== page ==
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Infections in DNA Repair Defects

Division of Basic and Clinical Immunology, Department of Medicine, University of California, Irvine, CA 92617, USA
Author to whom correspondence should be addressed.
Pathogens 2023, 12(3), 440;
Received: 17 February 2023 / Revised: 3 March 2023 / Accepted: 9 March 2023 / Published: 10 March 2023
(This article belongs to the Special Issue Infection in Inborn Errors of Immunity)


DNA repair defects are heterogenous conditions characterized by a wide spectrum of clinical phenotypes. The common presentations of DNA repair defects include increased risk of cancer, accelerated aging, and defects in the development of various organs and systems. The immune system can be affected in a subset of these disorders leading to susceptibility to infections and autoimmunity. Infections in DNA repair defects may occur due to primary defects in T, B, or NK cells and other factors such as anatomic defects, neurologic disorders, or during chemotherapy. Consequently, the characteristics of the infections may vary from mild upper respiratory tract infections to severe, opportunistic, and even fatal infections with bacteria, viruses, or fungi. Here, infections in 15 rare and sporadic DNA repair defects that are associated with immunodeficiencies are discussed. Because of the rarity of some of these conditions, limited information is available regarding infectious complications.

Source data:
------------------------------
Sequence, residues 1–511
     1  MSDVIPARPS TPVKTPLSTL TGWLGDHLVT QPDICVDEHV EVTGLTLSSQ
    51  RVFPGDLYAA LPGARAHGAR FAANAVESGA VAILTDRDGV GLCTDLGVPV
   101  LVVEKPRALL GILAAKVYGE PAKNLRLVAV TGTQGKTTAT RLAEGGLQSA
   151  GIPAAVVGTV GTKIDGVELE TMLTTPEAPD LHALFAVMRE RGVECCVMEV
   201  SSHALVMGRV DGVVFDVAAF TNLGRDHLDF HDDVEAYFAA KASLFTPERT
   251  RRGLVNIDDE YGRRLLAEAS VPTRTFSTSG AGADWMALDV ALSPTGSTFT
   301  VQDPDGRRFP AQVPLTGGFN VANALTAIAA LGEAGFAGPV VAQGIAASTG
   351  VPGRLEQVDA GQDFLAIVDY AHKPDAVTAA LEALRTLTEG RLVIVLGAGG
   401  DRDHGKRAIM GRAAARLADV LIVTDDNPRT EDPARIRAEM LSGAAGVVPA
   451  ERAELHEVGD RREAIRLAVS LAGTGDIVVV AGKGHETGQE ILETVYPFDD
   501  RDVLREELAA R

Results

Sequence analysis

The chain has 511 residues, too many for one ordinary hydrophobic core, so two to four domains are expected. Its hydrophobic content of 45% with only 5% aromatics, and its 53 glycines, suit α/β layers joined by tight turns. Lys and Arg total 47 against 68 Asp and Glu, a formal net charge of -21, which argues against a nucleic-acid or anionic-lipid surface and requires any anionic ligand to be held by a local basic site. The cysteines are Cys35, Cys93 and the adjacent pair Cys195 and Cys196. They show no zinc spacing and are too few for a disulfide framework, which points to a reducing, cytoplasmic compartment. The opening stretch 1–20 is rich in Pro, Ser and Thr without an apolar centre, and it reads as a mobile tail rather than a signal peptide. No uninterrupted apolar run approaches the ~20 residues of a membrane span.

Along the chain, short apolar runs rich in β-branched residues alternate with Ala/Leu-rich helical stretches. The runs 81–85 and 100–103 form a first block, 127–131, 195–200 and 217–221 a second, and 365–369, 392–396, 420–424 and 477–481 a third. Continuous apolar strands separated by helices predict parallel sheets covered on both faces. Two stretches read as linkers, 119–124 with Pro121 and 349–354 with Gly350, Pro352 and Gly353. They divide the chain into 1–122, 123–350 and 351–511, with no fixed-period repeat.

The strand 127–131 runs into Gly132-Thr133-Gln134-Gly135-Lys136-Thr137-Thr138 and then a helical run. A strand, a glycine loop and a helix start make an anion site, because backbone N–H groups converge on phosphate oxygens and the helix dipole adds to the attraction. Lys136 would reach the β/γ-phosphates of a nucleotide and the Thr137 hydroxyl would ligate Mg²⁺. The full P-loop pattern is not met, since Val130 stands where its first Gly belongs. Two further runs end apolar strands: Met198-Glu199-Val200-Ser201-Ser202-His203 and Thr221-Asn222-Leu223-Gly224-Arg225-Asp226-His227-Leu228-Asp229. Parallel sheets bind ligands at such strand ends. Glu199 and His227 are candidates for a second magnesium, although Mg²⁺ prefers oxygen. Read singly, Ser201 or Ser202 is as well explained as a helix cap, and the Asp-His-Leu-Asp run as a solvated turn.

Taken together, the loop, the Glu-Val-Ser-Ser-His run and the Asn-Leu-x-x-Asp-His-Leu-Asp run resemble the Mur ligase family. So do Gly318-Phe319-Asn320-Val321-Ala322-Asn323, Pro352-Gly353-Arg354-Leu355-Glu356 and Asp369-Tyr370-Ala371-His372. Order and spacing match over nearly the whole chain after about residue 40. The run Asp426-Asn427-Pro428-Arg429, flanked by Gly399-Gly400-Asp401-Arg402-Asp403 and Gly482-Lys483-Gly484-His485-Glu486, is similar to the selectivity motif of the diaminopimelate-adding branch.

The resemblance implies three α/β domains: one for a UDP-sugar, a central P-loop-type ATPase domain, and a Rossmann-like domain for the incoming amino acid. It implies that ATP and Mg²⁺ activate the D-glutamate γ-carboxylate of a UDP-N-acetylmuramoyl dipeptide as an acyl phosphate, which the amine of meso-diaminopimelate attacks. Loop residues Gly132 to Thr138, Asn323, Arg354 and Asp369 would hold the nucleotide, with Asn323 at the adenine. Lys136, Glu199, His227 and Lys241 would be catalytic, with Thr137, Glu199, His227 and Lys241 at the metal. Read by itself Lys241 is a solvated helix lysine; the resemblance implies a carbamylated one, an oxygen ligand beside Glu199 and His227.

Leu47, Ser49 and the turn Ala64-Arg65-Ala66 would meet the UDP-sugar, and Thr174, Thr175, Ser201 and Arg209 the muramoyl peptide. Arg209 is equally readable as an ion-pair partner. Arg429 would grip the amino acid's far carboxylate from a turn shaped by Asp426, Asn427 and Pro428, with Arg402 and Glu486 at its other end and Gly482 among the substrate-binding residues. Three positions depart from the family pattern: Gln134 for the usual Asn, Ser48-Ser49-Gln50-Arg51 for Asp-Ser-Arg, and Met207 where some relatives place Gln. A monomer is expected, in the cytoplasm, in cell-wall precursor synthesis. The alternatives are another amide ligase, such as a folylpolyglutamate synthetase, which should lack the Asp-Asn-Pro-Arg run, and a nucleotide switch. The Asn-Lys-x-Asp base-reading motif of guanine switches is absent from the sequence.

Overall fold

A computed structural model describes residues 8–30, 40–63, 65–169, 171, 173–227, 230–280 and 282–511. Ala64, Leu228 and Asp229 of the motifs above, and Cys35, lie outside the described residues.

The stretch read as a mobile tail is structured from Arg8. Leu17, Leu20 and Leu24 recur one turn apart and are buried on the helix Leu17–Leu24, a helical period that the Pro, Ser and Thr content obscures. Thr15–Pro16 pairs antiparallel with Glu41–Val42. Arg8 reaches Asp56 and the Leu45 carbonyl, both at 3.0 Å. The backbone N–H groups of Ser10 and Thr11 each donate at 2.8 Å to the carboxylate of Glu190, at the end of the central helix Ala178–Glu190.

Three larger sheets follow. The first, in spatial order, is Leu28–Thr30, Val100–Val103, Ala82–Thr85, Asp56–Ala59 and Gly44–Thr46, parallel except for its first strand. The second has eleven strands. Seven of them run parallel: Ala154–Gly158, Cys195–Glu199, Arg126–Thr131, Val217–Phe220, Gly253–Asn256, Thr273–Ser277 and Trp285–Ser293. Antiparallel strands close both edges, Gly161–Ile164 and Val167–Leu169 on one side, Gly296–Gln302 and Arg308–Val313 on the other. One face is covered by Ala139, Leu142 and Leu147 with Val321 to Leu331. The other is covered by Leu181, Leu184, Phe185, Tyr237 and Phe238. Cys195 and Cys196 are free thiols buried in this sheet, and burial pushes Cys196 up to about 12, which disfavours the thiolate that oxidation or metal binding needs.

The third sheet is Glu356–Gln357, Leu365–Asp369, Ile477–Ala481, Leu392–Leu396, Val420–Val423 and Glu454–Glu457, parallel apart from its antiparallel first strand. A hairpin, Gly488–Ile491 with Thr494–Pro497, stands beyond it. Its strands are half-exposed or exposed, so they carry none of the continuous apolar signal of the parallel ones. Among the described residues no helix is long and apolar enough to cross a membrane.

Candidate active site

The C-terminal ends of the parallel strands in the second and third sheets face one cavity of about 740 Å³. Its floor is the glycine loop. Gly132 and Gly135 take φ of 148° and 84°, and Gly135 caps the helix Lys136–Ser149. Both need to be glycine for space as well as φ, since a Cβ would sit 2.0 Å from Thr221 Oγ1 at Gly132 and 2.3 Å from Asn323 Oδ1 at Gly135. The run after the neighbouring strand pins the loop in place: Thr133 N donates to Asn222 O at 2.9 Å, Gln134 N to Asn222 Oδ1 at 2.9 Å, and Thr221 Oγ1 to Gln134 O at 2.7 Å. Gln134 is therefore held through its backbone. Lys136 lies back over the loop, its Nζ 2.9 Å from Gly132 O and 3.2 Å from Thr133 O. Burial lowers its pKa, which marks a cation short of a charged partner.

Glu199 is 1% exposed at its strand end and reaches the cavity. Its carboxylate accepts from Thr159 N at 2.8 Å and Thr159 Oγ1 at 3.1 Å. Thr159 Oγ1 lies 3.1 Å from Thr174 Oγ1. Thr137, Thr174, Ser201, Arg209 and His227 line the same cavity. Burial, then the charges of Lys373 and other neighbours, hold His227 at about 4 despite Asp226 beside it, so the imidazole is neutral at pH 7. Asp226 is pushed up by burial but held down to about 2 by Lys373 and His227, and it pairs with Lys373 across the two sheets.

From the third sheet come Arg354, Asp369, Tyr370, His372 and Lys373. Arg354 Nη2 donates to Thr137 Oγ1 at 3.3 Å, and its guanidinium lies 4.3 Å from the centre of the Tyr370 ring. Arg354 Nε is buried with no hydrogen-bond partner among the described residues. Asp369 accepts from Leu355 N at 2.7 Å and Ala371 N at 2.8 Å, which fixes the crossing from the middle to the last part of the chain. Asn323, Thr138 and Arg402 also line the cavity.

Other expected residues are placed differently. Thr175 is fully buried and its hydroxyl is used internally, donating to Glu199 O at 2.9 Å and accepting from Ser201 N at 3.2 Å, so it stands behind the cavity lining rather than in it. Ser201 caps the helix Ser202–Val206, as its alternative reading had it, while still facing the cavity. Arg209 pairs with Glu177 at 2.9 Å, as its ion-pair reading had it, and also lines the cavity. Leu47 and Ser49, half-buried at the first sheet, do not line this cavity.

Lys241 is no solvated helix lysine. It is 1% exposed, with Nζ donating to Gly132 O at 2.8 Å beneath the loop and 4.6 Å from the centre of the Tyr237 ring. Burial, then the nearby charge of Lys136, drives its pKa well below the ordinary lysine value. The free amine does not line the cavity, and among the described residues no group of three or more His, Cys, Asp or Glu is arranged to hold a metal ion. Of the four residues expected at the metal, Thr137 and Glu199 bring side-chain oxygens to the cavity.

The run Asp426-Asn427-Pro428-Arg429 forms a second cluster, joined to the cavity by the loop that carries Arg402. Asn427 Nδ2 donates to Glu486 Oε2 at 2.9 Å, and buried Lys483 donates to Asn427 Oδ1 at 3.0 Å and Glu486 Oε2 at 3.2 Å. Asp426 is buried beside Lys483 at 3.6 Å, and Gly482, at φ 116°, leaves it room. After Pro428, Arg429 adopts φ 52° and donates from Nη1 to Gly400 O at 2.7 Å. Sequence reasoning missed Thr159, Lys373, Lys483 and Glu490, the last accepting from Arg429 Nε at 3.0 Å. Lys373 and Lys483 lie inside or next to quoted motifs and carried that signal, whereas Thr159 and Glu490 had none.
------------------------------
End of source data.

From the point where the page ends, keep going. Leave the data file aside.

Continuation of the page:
1. Introduction